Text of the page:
Former U.S. Attorney Guy Lewis defends AG Barr against accusations he misled Congress: He wouldn’t ‘violate his oath’

Former U.S. Attorney Guy Lewis, who served with Attorney General William Barr at the Justice Department under President George H.W. Bush, defended Barr against accusations he misled Congress in connection with the Mueller report, saying he wouldn’t “violate his oath.”

Lewis described Barr as “a fine man” on “America’s Newsroom” on Friday. “He's an honorable man. He crosses t’s, he dots i’s. He is not the kind of guy that would come in there and violate his oath and do the kind of things that Jerry Nadler’s accusing him of.”

HOUSE JUDICIARY COMMITTEE ISSUES SUBPOENA FOR 'COMPLETE AND UNREDACTED' MUELLER REPORT

Lewis made the statements in reaction to House Judiciary Committee Chairman Jerry Nadler’s push for Special Counsel Robert Mueller’s “complete and unredacted” Russia report. Nadler and other Dems say Barr has misled Congress and the public on President Trump's behalf.

Nadler, D-N.Y., issued a subpoena Friday to obtain the "complete and unredacted" version of Mueller's report, as well as the underlying materials.

On “Good Morning America” on Friday Nadler said, “Barr has revealed himself as an agent of the president, not the attorney general of the entire American people.”

In response, Lewis said, “I don't buy it one bit.”

He added, “You look at the report. Look at the Mueller report. Look at what Barr was actually saying in his four-page letter of a few weeks ago. It tracks very, very closely.”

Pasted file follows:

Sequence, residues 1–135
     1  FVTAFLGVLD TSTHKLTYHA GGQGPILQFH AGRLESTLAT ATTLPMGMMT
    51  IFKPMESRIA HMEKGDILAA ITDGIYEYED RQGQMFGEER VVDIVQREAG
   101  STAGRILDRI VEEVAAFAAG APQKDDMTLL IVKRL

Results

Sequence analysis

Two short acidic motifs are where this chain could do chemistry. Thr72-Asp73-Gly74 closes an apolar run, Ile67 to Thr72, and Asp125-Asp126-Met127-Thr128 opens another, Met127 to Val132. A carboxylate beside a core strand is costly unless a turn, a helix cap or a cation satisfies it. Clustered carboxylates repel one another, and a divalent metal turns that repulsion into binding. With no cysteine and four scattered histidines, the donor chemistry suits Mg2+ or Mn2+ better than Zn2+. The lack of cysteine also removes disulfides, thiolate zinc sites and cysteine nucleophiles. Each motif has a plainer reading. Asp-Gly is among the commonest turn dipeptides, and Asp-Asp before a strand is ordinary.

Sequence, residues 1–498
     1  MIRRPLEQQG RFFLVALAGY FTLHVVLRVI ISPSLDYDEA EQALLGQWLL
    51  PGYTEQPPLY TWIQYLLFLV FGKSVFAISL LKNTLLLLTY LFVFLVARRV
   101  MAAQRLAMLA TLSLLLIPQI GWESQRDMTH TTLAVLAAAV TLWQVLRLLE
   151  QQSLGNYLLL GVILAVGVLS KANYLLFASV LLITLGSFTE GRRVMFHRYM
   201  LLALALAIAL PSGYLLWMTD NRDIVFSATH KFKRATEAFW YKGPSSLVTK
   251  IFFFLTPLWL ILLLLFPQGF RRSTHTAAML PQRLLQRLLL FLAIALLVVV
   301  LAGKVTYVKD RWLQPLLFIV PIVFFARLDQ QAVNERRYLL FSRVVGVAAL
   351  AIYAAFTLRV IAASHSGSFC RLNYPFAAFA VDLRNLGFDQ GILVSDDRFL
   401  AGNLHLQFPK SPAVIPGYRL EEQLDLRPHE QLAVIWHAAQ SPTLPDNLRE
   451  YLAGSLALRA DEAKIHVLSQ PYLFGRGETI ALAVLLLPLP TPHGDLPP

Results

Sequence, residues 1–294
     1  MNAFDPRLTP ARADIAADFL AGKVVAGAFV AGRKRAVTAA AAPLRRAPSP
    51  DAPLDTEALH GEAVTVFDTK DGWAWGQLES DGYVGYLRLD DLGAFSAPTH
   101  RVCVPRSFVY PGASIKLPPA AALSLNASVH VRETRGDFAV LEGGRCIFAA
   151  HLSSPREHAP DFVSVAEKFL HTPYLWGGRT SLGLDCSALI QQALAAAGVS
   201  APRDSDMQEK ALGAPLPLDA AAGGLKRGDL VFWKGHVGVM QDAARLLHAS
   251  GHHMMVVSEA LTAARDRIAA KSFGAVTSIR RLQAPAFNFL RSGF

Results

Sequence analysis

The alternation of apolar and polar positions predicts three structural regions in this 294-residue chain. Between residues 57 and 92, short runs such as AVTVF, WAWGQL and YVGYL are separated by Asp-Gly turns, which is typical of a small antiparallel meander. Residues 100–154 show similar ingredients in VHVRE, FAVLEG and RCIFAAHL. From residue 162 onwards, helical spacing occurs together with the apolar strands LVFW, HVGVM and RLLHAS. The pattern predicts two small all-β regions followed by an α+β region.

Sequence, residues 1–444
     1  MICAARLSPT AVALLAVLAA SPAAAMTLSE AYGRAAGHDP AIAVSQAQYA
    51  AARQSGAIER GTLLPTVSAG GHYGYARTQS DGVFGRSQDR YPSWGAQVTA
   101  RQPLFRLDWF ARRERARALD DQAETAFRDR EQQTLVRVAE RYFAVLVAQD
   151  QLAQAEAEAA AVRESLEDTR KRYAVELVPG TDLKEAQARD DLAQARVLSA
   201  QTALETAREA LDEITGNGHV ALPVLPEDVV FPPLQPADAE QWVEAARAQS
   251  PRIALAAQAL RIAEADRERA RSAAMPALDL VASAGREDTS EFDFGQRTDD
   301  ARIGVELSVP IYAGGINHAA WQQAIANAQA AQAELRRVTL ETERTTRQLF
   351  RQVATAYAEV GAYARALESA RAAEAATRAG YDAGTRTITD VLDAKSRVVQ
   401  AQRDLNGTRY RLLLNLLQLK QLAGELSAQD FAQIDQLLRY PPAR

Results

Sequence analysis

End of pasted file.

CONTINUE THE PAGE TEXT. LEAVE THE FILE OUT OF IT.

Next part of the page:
“This isn't just Barr who’s coming out, pulling this stuff out of the air. He's got a team of dedicated professionals, lawyers. [Deputy Attorney General] Rod Rosenstein also participated.

“All of this represents their collective best judgment.”

MUELLER REPORT IGNITES NEW DEM BATTLE OVER IMPEACHMENT

Lewis said he was “not surprised” by Nadler's subpoena, which reminded him of the “old days” when he was trying cases as a prosecutor.

“There was nothing, frankly nothing you could do that would fully please the other side,” said Lewis.

Lewis also weighed in Friday on Barr’s determination there was not sufficient evidence on the obstruction front, even though Special Counsel Robert Mueller did not reach a conclusion on whether President Trump committed this offense.

CLICK HERE TO GET THE FOX NEWS APP

“In truth, this was Barr's ultimate decision,” said Lewis. “I mean, you've got Mueller, who is the special prosecutor. He is appointed and still works under the auspices of the office of the Department of Justice, so it’s Barr's ultimate decision here.”